The Supreme Court said Thursday that it will not block Rhode Island's move to ease its requirements for absentee voting during November's election.
Why it matters: The decision is a loss for Republicans, who had requested an emergency order as the state is expected to begin mailing out its ballots.
Uber and Lyft are ratcheting up the fight with California’s state government over the classification of drivers with a move that would deprive Californians of their ride-hailing services (and halt driver income).
Driving the news: On Wednesday, both companies said that if a court doesn’t overturn or further pause a new ruling forcing them to reclassify California drivers as employees, they’ll suspend their services in the state until November’s election, when voters could potentially exempt them by passing a ballot measure.
President Trump announced a "historic" deal Thursday which will see Israel and the UAE open full diplomatic relations and Israel suspend its annexation plans in the West Bank.
Why it matters: This is a major breakthrough for Israel, which lacks diplomatic recognition in many Middle Eastern countries but has been steadily improving relations in the Gulf, largely due to mutual antipathy toward Iran.
The killing of George Floyd and changing demographics across the country have brought discussions over racism and police use of force to small-town America.
Why it matters: White Americans are growing older as the younger generations across the country become more diverse. The shift in what had been predominantly white communities is sparking protests and conversations about racial inequality. Many small towns are realizing for the first time how multiracial they are.
A steep decline in coal-fired power combined with rising wind and solar output drove the carbon-free sources to record global market share in the first half of 2020, per a new analysis from the environmental think tank Ember.
Why it matters: The report shows how the coronavirus pandemic is speeding the ongoing shakeup of the global power mix — but also how it's occurring too slowly to reach international climate goals.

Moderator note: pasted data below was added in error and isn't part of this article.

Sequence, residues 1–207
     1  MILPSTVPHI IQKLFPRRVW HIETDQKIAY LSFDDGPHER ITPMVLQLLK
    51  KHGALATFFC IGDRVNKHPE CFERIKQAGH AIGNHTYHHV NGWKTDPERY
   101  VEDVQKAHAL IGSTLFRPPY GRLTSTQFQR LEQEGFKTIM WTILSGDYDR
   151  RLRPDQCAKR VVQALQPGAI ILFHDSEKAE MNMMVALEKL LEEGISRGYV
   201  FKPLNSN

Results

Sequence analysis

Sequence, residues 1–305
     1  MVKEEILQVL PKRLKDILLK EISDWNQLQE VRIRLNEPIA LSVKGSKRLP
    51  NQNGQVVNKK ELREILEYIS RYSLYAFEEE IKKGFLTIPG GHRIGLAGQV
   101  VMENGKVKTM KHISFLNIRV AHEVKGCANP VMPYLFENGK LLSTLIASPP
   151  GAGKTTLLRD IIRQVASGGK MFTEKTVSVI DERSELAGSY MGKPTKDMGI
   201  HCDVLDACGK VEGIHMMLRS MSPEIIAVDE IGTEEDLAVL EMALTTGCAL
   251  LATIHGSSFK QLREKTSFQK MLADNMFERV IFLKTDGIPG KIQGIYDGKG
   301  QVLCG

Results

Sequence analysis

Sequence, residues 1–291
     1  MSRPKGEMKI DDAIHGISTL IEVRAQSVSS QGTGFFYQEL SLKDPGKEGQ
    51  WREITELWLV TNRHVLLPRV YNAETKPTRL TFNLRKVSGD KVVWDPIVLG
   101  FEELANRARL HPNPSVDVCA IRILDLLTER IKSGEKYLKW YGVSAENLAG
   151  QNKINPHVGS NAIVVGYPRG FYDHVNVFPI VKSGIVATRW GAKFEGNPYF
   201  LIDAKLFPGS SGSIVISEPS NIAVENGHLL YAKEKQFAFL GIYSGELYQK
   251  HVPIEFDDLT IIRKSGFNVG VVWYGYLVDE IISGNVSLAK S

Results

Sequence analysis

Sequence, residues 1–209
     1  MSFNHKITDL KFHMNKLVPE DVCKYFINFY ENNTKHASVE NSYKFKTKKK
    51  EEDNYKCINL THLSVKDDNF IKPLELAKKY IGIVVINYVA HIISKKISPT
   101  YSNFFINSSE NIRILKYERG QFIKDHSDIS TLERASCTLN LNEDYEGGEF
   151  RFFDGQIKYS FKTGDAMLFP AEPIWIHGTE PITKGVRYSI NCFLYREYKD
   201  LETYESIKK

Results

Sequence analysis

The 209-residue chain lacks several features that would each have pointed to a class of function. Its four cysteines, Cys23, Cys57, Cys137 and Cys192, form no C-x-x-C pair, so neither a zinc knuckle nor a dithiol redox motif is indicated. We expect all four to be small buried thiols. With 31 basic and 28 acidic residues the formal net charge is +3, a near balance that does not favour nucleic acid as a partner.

BodyArmor is making noise in the sports drink market, announcing seven new athlete partnerships last week, including Christian McCaffrey, Sabrina Ionescu and Ronald Acuña Jr.
Why it matters: It wants to market itself as a worthy challenger to the throne that Gatorade has occupied for nearly six decades.
The S&P 500 nearly closed at an all-time high on Wednesday and remains poised to go from peak to trough to peak in less than half a year.
By the numbers: Since hitting its low on March 23, the S&P has risen about 50%, with more than 40 of its members doubling, according to Bloomberg. The $12 trillion dollars of share value that vanished in late March has almost completely returned.
Facing enormous financial pressure and uncertainty around reopenings, media companies are giving up on their years-long building leases for more permanent work-from-home structures. Others are letting employees work remotely for the foreseeable future.
Why it matters: Real estate is often the most expensive asset that media companies own. And for companies that don't own their space, it's often the biggest expense.
Pinterest set out to be a bright spot in cutthroat Silicon Valley, but now stands to see its reputation forever tarnished by allegations of mistreatment and a toxic culture by women who held senior roles at the company.